Connected devices in the age of the Internet of Things continue to expand in number and as this happens, the threat landscape also continues to grow.
Five years from now, it is estimated that connected devices will reach more than 20 billion in number worldwide, a staggering figure that by then will be very hard to secure considering the sophistication at which hackers reach day by day.
Some of these devices have vulnerabilities that could allow attackers to take control of them and use them to penetrate a secure network and/or database. Unlike computers, these devices and appliances are not able to run an anti-malware tool for defense.
As a matter of urgency, therefore, certain steps need to be taken in order to plug nearly all, if not all, holes that could potentially give hackers a way to infiltrate IoT devices.
One way to protect connected devices is to implement layers of security that can help to make it difficult for hackers to wreak havoc on a network once they have gained access to it. Layered security means isolating specific functions of a device for certain users so that access to these functions are limited and controlled. In doing so, hackers will have a hard time gaining further access deep down in the network.
Furthermore, infected devices must be quarantined and fixed using security tools and protocol such as the IF-PEP that is designed to segregate infected devices from others that have not been infected with malware.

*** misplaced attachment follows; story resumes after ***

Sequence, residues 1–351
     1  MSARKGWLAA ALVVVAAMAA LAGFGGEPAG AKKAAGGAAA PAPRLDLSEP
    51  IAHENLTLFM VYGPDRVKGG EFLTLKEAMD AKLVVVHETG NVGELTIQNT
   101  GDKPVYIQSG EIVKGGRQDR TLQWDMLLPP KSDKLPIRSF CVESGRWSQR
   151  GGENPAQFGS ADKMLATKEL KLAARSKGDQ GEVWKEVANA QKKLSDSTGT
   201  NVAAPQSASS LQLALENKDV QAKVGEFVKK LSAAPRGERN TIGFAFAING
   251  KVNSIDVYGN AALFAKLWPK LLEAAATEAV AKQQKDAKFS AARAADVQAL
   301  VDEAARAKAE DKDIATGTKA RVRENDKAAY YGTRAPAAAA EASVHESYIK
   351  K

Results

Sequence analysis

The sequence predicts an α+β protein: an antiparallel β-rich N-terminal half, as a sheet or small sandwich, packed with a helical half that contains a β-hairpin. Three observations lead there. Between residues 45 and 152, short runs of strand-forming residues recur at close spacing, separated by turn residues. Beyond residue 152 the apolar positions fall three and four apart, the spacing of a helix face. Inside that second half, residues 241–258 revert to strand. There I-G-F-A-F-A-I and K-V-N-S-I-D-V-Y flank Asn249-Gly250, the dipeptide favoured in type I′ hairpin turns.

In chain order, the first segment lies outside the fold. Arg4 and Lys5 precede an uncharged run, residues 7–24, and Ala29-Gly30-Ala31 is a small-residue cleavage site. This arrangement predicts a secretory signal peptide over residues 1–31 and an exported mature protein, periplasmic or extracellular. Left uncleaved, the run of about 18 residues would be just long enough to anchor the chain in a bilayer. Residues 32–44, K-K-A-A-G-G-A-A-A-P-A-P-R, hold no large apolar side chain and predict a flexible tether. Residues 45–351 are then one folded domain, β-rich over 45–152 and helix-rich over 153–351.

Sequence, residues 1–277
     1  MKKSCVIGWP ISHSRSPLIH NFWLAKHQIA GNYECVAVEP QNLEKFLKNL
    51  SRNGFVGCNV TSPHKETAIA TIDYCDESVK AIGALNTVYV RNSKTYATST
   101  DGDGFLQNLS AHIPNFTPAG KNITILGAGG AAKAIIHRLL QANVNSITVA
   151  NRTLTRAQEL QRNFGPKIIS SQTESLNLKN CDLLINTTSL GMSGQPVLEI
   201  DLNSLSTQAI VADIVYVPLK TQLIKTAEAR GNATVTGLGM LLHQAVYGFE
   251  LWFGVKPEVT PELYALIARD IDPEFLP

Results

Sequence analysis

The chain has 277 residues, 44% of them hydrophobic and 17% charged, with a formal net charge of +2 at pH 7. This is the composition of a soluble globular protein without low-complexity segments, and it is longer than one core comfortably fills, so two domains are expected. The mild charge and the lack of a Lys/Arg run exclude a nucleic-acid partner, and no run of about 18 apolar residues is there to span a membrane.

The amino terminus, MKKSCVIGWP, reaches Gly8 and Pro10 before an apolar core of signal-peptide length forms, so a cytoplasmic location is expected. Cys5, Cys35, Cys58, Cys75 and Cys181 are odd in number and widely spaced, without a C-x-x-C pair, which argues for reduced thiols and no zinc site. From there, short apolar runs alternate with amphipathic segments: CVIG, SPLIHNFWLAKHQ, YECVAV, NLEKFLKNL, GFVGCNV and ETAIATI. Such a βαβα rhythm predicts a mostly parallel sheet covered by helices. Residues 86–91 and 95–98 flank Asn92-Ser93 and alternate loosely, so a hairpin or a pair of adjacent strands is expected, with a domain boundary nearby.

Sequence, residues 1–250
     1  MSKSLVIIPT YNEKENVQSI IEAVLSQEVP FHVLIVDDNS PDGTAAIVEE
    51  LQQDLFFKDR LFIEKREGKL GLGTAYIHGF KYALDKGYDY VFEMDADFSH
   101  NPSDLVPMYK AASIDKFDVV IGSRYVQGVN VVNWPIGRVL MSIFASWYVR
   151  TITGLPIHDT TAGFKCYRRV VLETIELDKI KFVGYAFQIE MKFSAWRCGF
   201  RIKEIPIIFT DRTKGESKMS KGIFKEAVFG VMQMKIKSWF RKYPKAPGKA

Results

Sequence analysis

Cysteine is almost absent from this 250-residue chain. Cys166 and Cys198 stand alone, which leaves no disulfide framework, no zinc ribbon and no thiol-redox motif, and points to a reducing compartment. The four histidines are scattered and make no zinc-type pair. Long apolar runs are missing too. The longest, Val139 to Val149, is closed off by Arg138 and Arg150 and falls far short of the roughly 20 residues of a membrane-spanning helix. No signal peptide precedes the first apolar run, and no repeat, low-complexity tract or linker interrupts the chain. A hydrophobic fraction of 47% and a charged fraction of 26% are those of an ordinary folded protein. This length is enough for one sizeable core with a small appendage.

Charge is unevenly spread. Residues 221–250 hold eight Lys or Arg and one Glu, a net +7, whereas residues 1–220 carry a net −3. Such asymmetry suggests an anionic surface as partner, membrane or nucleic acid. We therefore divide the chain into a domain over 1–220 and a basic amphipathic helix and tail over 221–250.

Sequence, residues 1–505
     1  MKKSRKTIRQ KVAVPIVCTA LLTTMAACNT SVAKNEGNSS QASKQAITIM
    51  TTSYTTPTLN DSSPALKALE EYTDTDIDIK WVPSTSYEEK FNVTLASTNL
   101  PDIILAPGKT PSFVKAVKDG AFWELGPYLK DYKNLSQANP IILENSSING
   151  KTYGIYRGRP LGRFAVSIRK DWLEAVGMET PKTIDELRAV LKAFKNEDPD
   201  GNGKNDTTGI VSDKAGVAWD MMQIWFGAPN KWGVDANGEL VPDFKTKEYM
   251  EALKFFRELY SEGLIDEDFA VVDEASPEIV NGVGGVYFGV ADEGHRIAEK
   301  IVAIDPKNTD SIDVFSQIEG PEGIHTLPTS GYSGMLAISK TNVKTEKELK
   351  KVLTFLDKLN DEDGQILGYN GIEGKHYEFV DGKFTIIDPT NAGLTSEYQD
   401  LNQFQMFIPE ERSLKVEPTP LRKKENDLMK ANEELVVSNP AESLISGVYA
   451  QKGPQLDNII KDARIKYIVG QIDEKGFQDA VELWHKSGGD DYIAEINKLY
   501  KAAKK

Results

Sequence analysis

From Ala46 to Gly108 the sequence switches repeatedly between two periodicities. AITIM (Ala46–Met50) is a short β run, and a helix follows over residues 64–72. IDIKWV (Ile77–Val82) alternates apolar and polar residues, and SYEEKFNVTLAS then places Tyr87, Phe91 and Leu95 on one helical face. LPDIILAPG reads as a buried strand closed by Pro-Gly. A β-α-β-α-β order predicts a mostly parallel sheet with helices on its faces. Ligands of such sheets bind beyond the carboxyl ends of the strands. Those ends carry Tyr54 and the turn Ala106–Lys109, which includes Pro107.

As we keep recommending in previous posts, encryption of data is a highly recommended security practice. The need to protect your data in transmit or stored in some platform is paramount in every situation. Data is what hackers want, and encryption is so far the highest form of security for information. Therefore the two must necessarily go together.
Connected devices must also be linked to old systems and appliances that lack to mechanism to fend off hacking attacks. This is another method of preventing hackers who have already infiltrated a network from gaining further access to the infrastructure in order to spread the attack.
In order to further bar hackers from attacking and targeting devices as vectors for penetrating a network, implement a trusted platform module, a microprocessor that combines devices with cryptographic keys to authenticate these connected devices. This will give a unique identifier to devices and this identifier is encrypted.
Another recommended security practice is using a trusted network connection standards to identify all forms of malware. With this method, hackers won’t be able to upload malicious codes to a network.
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